* '''Heat machine:''' Recorded **''Go-Away Heat'', otherwise known as XPacHeat, is when a crowd noise (cheers, boos, legitimately hates a person on a wrestling show as opposed to hating the character a wrestler performs as and how it is presented in the context of the angle or chants match. This can happen for particular wrestlers) piped into a variety of reasons. Overexposure - this was how [[Wrestling/SeanWaltman X-Pac]] got his go-away heat, by regularly winning midcard and upper midcard matches against more interesting opponents without actually doing anything. A gap between push and the arena's PA system, used to encourage similar reactions among fans perceived level of a wrestler's performance or entertainment value - this is the live attendants. Can problem Wrestling/RomanReigns is facing. It can also refer to similar effects added in post-production. Can often become be because backstage heat has been made public and the fans choose a thing of derision; side and rally against the wrestler they think was wronged, such as the case when at one WCW PPV, referees were attempting to clean debris from the ring Lita cheated on Matt Hardy with loud cheers occuring at regular intervals. Largely a thing of Edge and the past.fans turned on Lita and Edge. Very rarely a gifted performer can turn XPacHeat into wrestling heat and have it fuel their career, as Edge did in this instance, but it's often a career killer, as it was for Lita.



* '''[[{{Heel}} Heel]]''': The "bad guy" or "villain" in a professional wrestling match or angle.

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* '''[[{{Heel}} Heel]]''': '''{{Heel}}''': The "bad guy" or "villain" in a professional wrestling match or angle.

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* '''Heat machine:''' Recorded crowd noise (cheers, boos, or chants for particular wrestlers) piped into the arena's PA system, used to encourage similar reactions among the live attendants. Can also refer to similar effects added in post-production. Can often become a thing of derision; such as when at one WCW PPV, referees were attempting to clean debris from the ring with loud cheers occuring at regular intervals. Largely a thing of the past.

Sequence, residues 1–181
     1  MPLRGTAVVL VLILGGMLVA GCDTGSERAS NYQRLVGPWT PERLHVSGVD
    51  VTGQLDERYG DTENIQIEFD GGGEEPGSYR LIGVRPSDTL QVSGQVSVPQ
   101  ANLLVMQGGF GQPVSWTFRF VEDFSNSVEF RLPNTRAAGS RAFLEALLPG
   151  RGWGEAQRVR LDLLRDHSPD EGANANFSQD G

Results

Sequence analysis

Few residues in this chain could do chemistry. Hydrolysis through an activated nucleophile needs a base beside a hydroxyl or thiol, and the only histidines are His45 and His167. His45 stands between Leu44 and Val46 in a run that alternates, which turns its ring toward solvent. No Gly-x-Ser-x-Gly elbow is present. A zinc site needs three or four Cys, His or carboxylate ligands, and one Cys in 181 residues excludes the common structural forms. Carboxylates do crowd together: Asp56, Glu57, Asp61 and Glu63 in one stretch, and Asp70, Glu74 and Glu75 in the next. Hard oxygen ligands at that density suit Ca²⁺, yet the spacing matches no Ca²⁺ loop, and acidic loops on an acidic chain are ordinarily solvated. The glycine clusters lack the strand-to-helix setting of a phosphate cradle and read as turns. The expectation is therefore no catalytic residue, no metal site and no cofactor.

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* '''Paper:''' Complimentary tickets to televised shows, allowing for the appearance of a larger crowd than would pay to see such an event. Historically, nearly all TV shows gave tickets away free of charge (although many would have long waiting lists for such events), as TV events were shot in small venues and would feature multiple tapings per one attendance with few "marquee" matches. With weekly traveling TV productions, promotions such as WWE are typically able to charge full freight for live attendance to their programs.


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* '''Scripted''': For a long time, something of a dirty word in the wrestling business. In the past, both matches and promos were largely improvised by the talent, with broad direction given by the booker. Beginning in the 1980's, some wrestlers such as Randy Savage would begin planning matches move-for-move, and even rehearse them with their opponents ahead of time. Nowadays, nearly all matches and promos are planned in such a manner, in order to meet tight time restrictions on the television product.


** '''Example:''' In spring 2017, Jinder Mahal was pushed to the moon, receiving WWE Title reign that lasted until November of that year. (Long by 2017 standards.) This was largely because WWE had a major tour of India planned, and wanted to have a champion of Indian descent holding the belt. Once the tour was over, Mahal lost the title and has slipped back into midcard obscurity.

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** '''Example:''' In spring 2017, Jinder Mahal was pushed to the moon, receiving WWE Title reign that lasted until November of that year. (Long by 2017 standards.) This was largely because WWE had a major tour of India planned, and wanted to have a champion of Indian descent holding the belt. Once the tour was over, Mahal lost the title and has slipped back into midcard obscurity.obscurity, as he failed to get over with fans. His reign was marked by lackluster promos, mediocre matches, and the perception that he had been elevated beyond his abilities.


* '''Potato''': A stiff or painful punch, delivered intentionally or accidentally.



* '''Potato''': A stiff or painful punch, delivered intentionally or accidentally.